I’m pretty sure that in the pre-Google era most everyone who spoke of or asked about moss was trying to get rid of it. Even now googling “moss in the garden” produces five “how to kill” results before the first “how to grow.” But I recently attended a lecture at the Chicago Botanic Garden given by Dale Sievert, whose passion for and expertise about mosses made me question how anyone could contemplate mayhem against such a beautiful, ancient and eco-friendly organism. Since mosses have slowly, over the past few years, begun to colonize the damper, shadier parts of my tiny urban forest (i.e. my front yard), I was happy to be urged to encourage the process rather than fight it.
I was recently interviewing a well-known garden writer about the benefits of an outdoor space in which to contemplate and enjoy your
plants, your sense of aesthetics and nature in general. (Ah. Just writing that sentence lowered my blood pressure by ten points.) Among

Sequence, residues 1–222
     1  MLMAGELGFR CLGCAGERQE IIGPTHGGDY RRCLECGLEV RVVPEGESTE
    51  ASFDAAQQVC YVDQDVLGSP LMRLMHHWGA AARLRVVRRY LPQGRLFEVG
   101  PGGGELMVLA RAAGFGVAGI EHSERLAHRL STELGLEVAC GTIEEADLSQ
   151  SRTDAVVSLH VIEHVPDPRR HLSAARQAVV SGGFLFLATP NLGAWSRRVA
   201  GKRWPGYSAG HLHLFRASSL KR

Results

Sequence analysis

the things I learned:
• Plastic flowers have little in common with nature
• Bamboo sticks are not an optimum construction material for a pergola
• An arborvitae fence works only if the plants don’t die
That kind of advice stays with you for awhile, much like a chocolate corn dog washed down with 32 ounces of pink lemonade. …
So here I am, wandering around with my nose towards the ground, scrounging for signs of spring. I’ve found a few — snowdrops 2 inches high with their white buds clearly visible, a few dark red sprouts that are surely tulips, and teeny red buds on the ‘Jens Munk’ rose, a rugosa hybrid from Canada that sneers at winter and breaks dormancy earlier than anything else around. It’s primed, ready to come roaring out of the gate as soon as it gets a good clear signal. The other roses are still snoring away.